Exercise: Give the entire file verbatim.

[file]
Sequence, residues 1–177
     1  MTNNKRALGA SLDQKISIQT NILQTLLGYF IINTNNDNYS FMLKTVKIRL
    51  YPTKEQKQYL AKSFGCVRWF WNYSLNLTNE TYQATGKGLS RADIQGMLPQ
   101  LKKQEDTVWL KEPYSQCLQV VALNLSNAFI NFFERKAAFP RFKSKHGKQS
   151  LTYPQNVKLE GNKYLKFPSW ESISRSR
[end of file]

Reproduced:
Sequence, residues 1–177
     1  MTNNKRALGA SLDQKISIQT NILQTLLGYF IINTNNDNYS FMLKTVKIRL
    51  YPTKEQKQYL AKSFGCVRWF WNYSLNLTNE TYQATGKGLS RADIQGMLPQ
   101  LKKQEDTVWL KEPYSQCLQV VALNLSNAFI NFFERKAAFP RFKSKHGKQS
   151  LTYPQNVKLE GNKYLKFPSW ESISRSR